WellesleyWeston Magazine


Launched in 2005, WellesleyWeston Magazine is a quarterly publication tailored to Wellesley and Weston residents and edited to enrich the experience of living in two of Massachusetts' most desirable communities.

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Page 131 of 227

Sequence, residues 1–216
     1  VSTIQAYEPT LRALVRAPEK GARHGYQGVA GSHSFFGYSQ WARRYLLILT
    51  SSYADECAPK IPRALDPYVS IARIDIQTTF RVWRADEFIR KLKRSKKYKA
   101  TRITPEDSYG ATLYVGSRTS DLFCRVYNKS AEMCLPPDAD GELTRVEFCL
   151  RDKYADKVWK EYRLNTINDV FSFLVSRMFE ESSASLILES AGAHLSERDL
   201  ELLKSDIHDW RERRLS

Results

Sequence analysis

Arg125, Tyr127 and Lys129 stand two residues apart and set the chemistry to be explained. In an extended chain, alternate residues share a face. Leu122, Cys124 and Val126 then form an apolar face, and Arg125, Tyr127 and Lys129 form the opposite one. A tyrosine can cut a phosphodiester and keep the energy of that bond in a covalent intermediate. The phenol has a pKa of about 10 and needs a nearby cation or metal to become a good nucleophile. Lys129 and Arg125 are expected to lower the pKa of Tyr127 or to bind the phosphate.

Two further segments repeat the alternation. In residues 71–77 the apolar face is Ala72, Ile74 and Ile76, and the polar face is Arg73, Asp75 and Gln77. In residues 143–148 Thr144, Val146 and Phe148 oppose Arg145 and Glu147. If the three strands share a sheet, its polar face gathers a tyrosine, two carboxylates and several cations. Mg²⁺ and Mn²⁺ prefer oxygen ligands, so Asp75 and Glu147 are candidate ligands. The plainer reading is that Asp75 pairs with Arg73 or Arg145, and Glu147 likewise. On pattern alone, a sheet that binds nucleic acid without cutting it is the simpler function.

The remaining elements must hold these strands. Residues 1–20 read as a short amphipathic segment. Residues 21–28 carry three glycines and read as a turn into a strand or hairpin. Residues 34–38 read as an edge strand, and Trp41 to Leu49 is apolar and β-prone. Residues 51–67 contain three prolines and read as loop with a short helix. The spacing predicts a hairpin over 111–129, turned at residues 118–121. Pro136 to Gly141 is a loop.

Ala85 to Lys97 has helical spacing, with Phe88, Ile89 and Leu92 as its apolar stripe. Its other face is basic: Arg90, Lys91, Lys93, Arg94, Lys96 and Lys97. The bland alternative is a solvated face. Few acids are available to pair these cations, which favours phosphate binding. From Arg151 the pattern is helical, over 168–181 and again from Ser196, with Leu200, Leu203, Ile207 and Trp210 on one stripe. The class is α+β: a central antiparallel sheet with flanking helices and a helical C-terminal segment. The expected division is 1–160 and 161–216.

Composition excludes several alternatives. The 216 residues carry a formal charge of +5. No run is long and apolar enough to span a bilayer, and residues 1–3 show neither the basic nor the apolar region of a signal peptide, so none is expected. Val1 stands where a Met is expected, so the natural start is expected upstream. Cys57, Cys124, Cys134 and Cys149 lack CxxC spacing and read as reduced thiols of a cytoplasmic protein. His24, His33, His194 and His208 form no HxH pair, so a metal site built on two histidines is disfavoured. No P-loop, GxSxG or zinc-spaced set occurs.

sit up straight or laugh out loud or come close to bringing a tear to my eye, it's something I want. My proudest moment as a producer is when I bet on something and it succeeds." Thoroughbreds, a psychological thriller that was just released by Focus Features, was one of those screenplays. "I read it the moment it landed in my inbox," says Kevin. "It has some of the most whip-smart, crackling, humorous dialogue I've ever read. And our first-choice actors all said yes — the screenplay was that good." Kevin tries to get back to Boston as often as he can to visit his parents, who still live in Wellesley, and also to work. "There's still a bit of a novelty there with movie making. People welcome you back. There are great crews there — people I trust and can call on." When he was shooting Manchester by the Sea, Kevin called the headmaster at his alma mater, Belmont Hill, to see if he could "borrow" the hockey team for a day. "I put on my own skates and got out there on the rink with all the kids. I didn't have to hire a bunch of actors who were going to screw around on the ice. They already knew how to work together," he says. And sometimes being a producer requires making really tough deci- sions, like scrambling to reshoot Kevin Spacey's scenes, after he was charged with multiple counts of sexual harassment, and replace him with Christopher Plummer as John Paul Getty for All the Money in the World. "The path to success here is really unorthodox. There's not a ladder to climb. We're swinging from limb to limb and that takes a lot of resilience and sheer will." JAY HARRINGTON'S first acting role came in 1978 when he was a second grader at Hunnewell Elementary School. His music teacher asked the class, "Who would like to play the snowman?" and Jay's hand shot up. His was the only one. That's when he first got the acting bug, and today, after 40 years, he still has it. "Getting up in front of people was never something I shied away from," he says. In the summer, when his family went to Cape Cod, Jay attended the Harwich Junior Theater where he developed his acting skills alongside professionals. His first role was Little Bear in The Arkansaw Bear. He was only 11. "I love the camaraderie of acting. You're in the trenches with these people and you become fast friends," he says. Jay tried out for all the plays at WMS and Wellesley High School (WHS) and acted in productions at the Wheelock Family Theater. After graduating from WHS in 1989, Jay attended Syracuse University, where he majored in theater. After graduating, he headed to New York City where some of his Syracuse friends were pursuing roles on Broadway. But Jay was more interested in the silver screen. "There weren't the same opportunities for film and TV roles in New York in the early 90s as there were in LA," says Jay. So in 1997, he visited his youngest brother, Adam, who was studying theater at UCLA, and is now best known for his work on the television show Scrubs. Out of the blue, Jay's high school friend, Dave Collard, called to ask if he knew anyone looking for a roommate in Santa Monica. His timing could not have been better. "Dave and I lived together for nine years in a rent-controlled apart- ment," Jay says. "It wasn't the nicest place, but it was centrally located and it served its purpose for some guys in their 20s." (This included letting Kevin Walsh crash on their "dirty white couch.") Jay launched his Hollywood career with a role in the drama Pacific Blue. Since then, he's had a relatively steady stream of work, including a recurring role on the The Division. He's also been on The Shield, Burn Notice, and Private Practice where he reconnected with his friend and former L I N D S E Y C H I L D S Jay Harrington T E L E V I S I O N A N D M O V I E A C T O R W e l l e s l e y W e s t o n M a g a z i n e | s p r i n g 2 0 1 8 130 Wellesley West

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